The female A. cinnamomeum was also crossed to the genotype of Aphyosemion, A. christyi. Only a few fertile eggs were harvested. The embryo did not develop normally. The length did not exceed 90 degrees on the equator of the yolk. The development of the blood system was poor. One embryo lived inside its egg for 5 weeks before it died but it did not approach reaching the full development of organs. I do not think that viable embryos could be had from this cross.
The same female was crossed to a male A. labarrei - 14 fertile eggs. The development of the embryos was normal. After hatching the hybrids were very feeble and some were bad swimmers whereas others "lost the air" and rested at the bottom. All died before maturing.
Once more the female was crossed to the form which has been kept as an aquarium fish, fist under the name A. striatum, then (USA) A. lujae, then A. cameronense and at present again A. striatum. It comes from the Congo River north of Leopoldville. Morphologically it seems to be close to A. cameronense and A. striatum. Only 3 eggs. 2 eggs developed and hatched. But the fry did not grow. At an age of 6 weeks it only measured 8 to 10 mm. After some time the two fry died.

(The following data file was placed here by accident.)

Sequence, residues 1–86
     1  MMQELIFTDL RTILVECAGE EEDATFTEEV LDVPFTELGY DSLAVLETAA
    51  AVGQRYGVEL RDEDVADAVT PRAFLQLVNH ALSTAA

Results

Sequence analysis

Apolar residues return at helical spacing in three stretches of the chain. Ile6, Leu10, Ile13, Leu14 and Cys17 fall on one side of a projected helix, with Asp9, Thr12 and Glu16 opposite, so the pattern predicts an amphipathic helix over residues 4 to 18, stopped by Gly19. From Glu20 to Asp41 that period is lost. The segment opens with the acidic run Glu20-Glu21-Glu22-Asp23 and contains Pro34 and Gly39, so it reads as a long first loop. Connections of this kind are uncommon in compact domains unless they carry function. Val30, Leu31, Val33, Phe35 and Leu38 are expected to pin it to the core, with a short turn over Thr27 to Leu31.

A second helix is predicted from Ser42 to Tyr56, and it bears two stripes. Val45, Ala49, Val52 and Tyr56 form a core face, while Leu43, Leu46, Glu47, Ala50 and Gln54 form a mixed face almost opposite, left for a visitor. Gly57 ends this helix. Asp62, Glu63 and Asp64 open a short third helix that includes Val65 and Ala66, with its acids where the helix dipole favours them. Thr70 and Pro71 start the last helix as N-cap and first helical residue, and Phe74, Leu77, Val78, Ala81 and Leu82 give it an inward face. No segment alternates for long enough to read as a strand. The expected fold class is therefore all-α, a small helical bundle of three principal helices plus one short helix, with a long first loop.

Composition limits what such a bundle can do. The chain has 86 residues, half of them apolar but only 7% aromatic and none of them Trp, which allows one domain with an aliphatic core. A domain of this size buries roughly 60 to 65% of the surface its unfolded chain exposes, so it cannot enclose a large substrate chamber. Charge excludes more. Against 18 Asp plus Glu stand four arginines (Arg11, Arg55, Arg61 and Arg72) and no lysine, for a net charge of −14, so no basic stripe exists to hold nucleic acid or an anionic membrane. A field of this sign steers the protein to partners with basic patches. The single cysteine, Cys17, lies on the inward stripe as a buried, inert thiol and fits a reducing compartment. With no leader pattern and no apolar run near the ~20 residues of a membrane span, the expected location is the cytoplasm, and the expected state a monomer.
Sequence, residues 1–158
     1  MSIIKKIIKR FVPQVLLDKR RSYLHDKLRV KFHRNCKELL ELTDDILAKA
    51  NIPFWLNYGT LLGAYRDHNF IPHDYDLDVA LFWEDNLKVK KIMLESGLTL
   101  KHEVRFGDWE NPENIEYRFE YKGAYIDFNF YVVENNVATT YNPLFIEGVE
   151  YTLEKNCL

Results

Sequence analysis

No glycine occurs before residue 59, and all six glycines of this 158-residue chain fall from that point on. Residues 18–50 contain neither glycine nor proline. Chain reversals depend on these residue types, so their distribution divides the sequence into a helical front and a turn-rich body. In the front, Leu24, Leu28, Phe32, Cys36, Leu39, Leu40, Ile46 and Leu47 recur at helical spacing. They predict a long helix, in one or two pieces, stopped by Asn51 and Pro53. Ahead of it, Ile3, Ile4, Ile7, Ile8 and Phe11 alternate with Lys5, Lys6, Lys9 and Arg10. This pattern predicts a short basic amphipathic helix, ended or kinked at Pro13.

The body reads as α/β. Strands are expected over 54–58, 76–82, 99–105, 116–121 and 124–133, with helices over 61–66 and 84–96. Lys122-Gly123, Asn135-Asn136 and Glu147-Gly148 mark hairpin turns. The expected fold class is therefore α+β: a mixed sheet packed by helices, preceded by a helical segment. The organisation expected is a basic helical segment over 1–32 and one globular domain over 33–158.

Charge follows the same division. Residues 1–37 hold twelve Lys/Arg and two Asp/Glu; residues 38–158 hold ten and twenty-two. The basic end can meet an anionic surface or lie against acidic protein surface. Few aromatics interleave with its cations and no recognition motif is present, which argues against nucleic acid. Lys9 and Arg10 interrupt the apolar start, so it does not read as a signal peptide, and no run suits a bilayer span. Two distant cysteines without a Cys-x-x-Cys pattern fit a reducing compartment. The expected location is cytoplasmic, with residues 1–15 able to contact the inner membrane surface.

Then the female A. cinnamomeum was crossed to the unidentified Aphyosemion from the Ndian River, North Cameroon. Morphologically, also this form is close to A. cameronense and it is not possible to separate these two forms. It may stand rather close to A. nigerianum. I had 31 eggs, 22 eggs were fertile. Normal development and hatching. Also these hybrids were rather feeble and were difficult to raise to maturity. At the time of maturity they developed different colorations. Some were weakly colored males, whereas others developed mostly towards females but with more colors than normal within this genus. Later on, they turned into a more and more male appearance. After maturing their coloration the hybrids were more hardy and most lived for more than one year. Some hybrids of male type had yellow edges of unpaired fins, others had no yellow.
At present it is very difficult to place A. cinnamomeum in the right place inside the genus Aphyosemion. From what could be seen from the crossings, the behavior, the color patterns etc., we probably have to place this form as a "blind off-shoot" from some form close to A. nigerianum.